Classic per App
Why digital music mediation is a good idea
May 31, 2022 by Rita Argauer
Classical music in science fiction mode – the Munich Philharmonic has just released an app that makes music tangible outside of the concert hall. Gustav Holst’s “Planets” sound like a digital scavenger hunt, playable in various parks and green spaces from Munich to Los Angeles.
Image source: Mathis Nitschke
Finally, after Corona, the concert halls are open again to a large audience. But what if the seats remain empty? A decline in the audience could already be observed before the corona pandemic, but it accelerated it again. Young concertgoers in particular stay away. And that worries many classical musicians.
Interactive classic computer game as bait
Screenshot of the “Planets” app | Image source: Mathis Nitschke
So how do you get young people into the concert, whose world has countless media stimuli in store? The concert hall appears to be unattractive to many of them. The solution could be a music education program that picks up its audience at a point where real life is happening. So rather in the city park than in the concert hall. The Munich composer Mathis Nitschke has developed such a program – together with Gunter Pretzel, former violist of the Munich Philharmonic. It’s a music app, an interactive classical computer game where orchestral music and new technology meet, right on your phone.
New mobile app for Gustav Holst’s “Planets”
The basis of the new app is Gustav Holst’s orchestral suite “The Planets”. Although Holst composed his “Planets” suite over 100 years ago, the music sounds a bit like “Star Wars”. It is very illustrative and accessible – both thematically and musically. A good starting point for an app that should also bring the music to those who do not normally have a Philharmonic subscription. “It’s very, very strong music,” says Gunter Pretzel, who played Holst’s “Planets” suite in his last concert with the Philharmoniker in 2021. Diving deeper into this music now that he is retired has given him great pleasure, he says. Based on this music, Pretzel designed audio cutscenes for the app.
Virtual scavenger hunt from Munich to Los Angeles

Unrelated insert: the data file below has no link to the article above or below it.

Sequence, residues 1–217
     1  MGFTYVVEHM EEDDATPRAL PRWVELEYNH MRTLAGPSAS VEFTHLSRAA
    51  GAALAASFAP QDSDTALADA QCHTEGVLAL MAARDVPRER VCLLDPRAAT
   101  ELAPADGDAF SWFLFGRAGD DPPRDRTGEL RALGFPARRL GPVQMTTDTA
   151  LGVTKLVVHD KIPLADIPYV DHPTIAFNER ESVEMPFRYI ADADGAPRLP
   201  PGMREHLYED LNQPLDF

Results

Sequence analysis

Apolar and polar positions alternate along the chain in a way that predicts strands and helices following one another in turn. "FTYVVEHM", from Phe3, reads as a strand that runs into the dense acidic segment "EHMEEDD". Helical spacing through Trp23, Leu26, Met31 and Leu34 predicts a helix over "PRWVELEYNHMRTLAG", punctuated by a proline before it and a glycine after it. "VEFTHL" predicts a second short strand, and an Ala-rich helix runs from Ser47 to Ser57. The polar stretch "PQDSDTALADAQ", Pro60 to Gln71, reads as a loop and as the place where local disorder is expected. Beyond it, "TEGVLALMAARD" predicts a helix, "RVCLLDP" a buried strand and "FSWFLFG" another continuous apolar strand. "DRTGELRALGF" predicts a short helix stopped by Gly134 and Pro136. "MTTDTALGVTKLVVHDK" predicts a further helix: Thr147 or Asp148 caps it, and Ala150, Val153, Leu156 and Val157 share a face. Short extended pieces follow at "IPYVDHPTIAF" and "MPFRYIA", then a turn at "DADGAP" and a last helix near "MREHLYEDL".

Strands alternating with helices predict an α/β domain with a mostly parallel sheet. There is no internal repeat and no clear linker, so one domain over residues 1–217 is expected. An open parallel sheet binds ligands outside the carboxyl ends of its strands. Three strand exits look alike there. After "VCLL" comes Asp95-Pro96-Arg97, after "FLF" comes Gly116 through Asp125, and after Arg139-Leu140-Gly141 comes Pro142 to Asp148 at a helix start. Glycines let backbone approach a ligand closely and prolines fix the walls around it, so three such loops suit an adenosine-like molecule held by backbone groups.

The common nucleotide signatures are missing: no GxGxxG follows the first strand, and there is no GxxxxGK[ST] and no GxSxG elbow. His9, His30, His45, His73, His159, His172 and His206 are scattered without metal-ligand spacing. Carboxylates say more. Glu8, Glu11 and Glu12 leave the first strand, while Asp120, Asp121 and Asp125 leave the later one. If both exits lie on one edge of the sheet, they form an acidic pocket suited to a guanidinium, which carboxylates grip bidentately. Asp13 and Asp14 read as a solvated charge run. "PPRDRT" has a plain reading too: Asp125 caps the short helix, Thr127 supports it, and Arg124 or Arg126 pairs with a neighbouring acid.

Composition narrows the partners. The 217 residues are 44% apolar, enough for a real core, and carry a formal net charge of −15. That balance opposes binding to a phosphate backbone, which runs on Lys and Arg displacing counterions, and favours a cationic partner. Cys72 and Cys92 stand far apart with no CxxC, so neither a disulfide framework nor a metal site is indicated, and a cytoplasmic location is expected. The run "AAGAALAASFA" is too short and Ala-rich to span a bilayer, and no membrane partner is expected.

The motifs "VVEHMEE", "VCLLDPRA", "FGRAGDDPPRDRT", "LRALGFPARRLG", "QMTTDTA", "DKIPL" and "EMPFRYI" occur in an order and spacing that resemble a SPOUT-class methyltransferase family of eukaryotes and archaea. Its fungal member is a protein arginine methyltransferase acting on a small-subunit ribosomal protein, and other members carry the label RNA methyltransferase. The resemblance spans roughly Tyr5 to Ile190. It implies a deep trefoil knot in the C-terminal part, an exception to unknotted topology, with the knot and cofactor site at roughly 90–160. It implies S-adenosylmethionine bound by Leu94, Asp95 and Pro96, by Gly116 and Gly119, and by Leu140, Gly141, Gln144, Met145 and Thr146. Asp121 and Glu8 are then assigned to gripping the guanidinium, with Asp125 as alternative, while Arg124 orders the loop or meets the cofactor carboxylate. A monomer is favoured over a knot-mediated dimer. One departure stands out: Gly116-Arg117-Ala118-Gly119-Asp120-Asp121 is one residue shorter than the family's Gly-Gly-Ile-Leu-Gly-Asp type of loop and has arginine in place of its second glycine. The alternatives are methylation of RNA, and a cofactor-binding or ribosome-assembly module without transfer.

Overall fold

Through the English Garden with your mobile phone | Image source: Mathis Nitschke
The “Planets” app is a mixture of geo-cashing, i.e. a kind of virtual scavenger hunt, and an education program. There are starting points in various Munich parks, but also in Augsburg, Ingolstadt, Nuremberg and even Cologne, Amsterdam and Venice Beach, LA. Turn on location services and off you go. In this way, users can simply be guided through the park to the music.
App reacts to movements
Arriving at the starting point, the app unwinds a program in which the music reacts to the location where the user is currently located. It is an immersive music game that should also bring new sound experiences to pop-loving listeners. Because not only the individual parts of the “Planet” suite are linked to the respective locations. The sound of the orchestra also reacts to movements. If you turn to the horns, they get louder, if you look at where the strings are supposed to be coming from, they come to the fore.
Something like this will certainly play a major role in the future.
Gunter Pretzel, former violist with the Munich Philharmonic
The developers Nitschke and Pretzel have previously implemented this spatial 360-degree listening in the orchestra in an app. For them, this is more than just a technical gimmick: “Something like this will certainly play a major role in the future,” says Pretzel. In principle, the classical music industry is quite open to the digital world. For example, many musicians have been working with various apps and digital sheet music libraries for years.
What Beethoven had to do with the development of the CD
Places where the “Planets” app can be used. | Image source: Mathis Nitschke
In the past, the classics even influenced digital developments themselves: with audio CDs, for example. They fit exactly 74 minutes of playing time. The reason: Back then, people wanted Beethoven’s Ninth to be able to be played without interruptions. Herbert von Karajan was significantly involved. Today, audio CDs are almost outdated as a medium, but the desire to carry music out into the world on portable players is not. Linking yourself to your own environment through music – that sounds like the holodeck in Star Trek, but also really like the future.
About virtual gimmicks in the concert hall?
The question remains: can an app replace the concert experience? Probably not. Classical always sounds best live. That probably won’t change anytime soon. But from a mediation point of view: Such a kind of music-aesthetic experience is worth a lot. Because here classics are not explained in a dry or educational way. In the “Planets” app, music is easily accessible, sounds good and can be experienced in a technically fascinating and just as playful way. For everyone, including people who don’t usually encounter classical music.
Broadcast: “Leporello” on May 30, 2022 from 4:05 p.m on BR-CLASSIC